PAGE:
He also helped launch an innovative apprenticeship program for skilled trades that has helped thousands of young people launch their careers.
“When we’re active in careers and do the things we do, we don’t often have a line of sight to nights such as this,” Carter said as he accepted his award on stage. “Instead we tend to find ourselves more focused on the shorter term as we’re going through a turbulent time or we’re finding ways to fix a problem or improve a process. Eventually there’s a point of reckoning, and that’s when we learn about the legacy of our work.
“That’s a roundabout way for me to say how humbled I am to be admitted to the Canadian Mining Hall of Fame and to share this honour with so many successful builders in Canada’s mining industry,” he said.
“My 28-year career with Syncrude really was a thrilling journey — absolutely fantastic. And so it was for the many, many other talented and dedicated people I had the pleasure of working with each and every single day. It’s gratifying to know that our work built a great Canadian success story in Syncrude and the oilsands industry. The industry has been so significant in contributing to the prosperity of our country, because it really is a story of grit and determination combined with a lot of innovation and ingenuity.
“Similar things can be said about our country’s entire resource sector. It’s been the backbone of Canada’s growth and success since the very beginning. And I sincerely wish our political leaders would stop apologizing for the bounty we’ve been blessed with in this country. Instead I’d like them to embrace our resources as the gift that they really are.”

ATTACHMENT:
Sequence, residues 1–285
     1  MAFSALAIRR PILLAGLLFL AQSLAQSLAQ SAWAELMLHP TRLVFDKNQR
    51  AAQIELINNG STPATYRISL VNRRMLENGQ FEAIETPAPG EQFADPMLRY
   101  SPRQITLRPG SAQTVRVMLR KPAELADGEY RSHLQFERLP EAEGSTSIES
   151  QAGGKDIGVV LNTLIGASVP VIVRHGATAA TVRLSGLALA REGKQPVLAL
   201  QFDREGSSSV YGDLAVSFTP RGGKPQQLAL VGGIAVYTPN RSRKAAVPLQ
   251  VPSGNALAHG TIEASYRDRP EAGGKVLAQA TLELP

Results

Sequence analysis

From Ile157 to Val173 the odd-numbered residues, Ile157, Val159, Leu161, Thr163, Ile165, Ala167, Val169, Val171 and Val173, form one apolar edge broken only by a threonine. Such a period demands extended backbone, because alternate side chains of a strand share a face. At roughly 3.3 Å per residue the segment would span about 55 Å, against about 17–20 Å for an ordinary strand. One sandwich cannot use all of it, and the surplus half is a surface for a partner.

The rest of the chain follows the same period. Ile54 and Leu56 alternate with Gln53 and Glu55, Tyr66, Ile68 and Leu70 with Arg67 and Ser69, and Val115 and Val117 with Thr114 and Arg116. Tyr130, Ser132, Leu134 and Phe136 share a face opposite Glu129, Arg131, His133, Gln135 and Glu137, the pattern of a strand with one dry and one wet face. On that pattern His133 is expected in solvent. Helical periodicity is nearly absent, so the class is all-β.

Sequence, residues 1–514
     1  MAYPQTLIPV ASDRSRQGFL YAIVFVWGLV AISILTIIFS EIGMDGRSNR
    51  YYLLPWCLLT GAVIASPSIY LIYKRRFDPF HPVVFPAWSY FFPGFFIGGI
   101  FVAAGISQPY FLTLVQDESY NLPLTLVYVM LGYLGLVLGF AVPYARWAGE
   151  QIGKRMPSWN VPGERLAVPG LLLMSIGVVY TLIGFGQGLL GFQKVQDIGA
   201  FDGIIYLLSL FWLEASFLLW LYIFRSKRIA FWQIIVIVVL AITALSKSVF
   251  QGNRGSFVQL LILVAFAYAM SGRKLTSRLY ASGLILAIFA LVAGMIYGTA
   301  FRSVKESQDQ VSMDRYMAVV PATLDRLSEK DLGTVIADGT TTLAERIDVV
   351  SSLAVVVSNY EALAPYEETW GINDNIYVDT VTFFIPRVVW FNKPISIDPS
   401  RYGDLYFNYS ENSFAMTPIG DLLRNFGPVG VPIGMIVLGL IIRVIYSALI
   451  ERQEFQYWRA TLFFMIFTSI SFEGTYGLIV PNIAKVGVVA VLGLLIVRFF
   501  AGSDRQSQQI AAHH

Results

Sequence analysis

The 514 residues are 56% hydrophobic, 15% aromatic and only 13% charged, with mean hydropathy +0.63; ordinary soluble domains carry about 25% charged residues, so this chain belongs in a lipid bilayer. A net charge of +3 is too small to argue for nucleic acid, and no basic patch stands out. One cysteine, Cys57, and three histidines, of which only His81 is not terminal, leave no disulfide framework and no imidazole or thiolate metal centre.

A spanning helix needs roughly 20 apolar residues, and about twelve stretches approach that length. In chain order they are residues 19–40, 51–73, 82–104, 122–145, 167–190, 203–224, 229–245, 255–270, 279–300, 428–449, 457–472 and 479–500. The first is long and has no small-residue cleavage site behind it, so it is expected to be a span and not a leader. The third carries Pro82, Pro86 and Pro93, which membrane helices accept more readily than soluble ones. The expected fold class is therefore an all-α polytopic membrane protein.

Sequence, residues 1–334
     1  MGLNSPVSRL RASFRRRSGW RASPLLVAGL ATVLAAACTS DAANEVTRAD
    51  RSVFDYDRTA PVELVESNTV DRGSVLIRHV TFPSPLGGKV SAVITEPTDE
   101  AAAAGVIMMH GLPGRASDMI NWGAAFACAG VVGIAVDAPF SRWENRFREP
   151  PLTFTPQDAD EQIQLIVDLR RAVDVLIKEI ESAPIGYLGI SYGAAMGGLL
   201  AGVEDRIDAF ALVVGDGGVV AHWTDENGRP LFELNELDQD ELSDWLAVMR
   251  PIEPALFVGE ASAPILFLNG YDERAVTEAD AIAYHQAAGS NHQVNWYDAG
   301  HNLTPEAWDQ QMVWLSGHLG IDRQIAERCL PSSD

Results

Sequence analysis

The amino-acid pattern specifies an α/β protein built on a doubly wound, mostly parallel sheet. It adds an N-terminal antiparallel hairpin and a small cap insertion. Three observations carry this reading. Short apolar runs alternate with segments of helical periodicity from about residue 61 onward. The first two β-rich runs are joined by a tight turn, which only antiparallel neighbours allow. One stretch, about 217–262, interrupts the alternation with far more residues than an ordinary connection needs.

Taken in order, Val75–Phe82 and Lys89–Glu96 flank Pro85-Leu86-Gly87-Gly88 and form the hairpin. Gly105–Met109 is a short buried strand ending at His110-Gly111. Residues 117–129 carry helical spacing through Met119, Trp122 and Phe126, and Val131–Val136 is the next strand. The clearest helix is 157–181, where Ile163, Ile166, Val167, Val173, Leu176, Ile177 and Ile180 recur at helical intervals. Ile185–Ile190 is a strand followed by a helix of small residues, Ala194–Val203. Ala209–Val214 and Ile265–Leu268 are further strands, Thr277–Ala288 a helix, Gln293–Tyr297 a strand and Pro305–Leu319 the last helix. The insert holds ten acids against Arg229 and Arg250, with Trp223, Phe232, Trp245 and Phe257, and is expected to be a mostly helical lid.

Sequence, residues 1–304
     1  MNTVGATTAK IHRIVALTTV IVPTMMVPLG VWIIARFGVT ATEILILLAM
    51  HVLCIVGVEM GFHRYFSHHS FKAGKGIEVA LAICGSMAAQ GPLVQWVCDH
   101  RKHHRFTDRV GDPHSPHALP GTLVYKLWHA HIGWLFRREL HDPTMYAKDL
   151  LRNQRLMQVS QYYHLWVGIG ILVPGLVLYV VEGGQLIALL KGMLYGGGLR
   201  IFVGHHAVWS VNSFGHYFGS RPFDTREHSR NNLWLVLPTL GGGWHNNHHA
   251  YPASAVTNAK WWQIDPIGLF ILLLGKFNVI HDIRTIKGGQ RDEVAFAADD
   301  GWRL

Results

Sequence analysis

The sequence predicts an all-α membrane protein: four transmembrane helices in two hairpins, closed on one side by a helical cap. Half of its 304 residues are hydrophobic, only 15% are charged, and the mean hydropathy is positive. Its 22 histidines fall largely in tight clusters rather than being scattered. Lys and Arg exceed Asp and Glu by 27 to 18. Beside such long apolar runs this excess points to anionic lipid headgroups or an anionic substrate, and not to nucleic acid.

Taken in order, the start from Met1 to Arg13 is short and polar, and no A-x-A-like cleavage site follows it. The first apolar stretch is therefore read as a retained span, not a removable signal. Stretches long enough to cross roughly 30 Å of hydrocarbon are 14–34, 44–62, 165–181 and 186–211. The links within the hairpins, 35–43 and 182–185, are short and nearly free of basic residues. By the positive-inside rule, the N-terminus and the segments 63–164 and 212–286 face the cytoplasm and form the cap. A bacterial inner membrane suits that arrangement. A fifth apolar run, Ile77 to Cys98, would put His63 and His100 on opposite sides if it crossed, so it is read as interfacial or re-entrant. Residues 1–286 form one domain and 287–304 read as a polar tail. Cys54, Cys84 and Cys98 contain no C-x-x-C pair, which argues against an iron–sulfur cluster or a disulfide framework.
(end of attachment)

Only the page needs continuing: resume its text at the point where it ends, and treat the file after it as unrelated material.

Carter has received many awards for his achievements, including three honorary doctorates, an induction into the Canadian Petroleum Hall of Fame, the Queen’s Diamond Jubilee Medal in 2012, and the Order of Canada in 2014.
The final inductee of the evening was Rob McEwen (b. 1950), a “rockstar” of Canadian mining and a well-known entrepreneur, gold bug and philanthropist. McEwen built Goldcorp into one of the world’s top gold producers with a $17.8-billion market capitalization today, through strategic and innovative thinking.
Born and raised in Toronto, McEwen’s first exposure to mining was a summer job at Inco in Sudbury, Ont., where he was offered a scholarship for university. “And I said, ‘that’s great, thanks so much for your support. But mining isn’t in my future.’ And today I look at it and think that it’s so ironic,” McEwen recalled during a tribute video.
McEwen received a B.A. from the University of Western Ontario in 1973. After completing an MBA from York University in 1978, he travelled the world for six months in an old army truck. When he returned, he worked briefly at Merrill Lynch before joining his father Donald’s investment firm.
His father played an important role in shaping McEwen’s perspective on life. When Donald was told he would not be able to walk after returning from World War II, he fought to regain the function of his legs.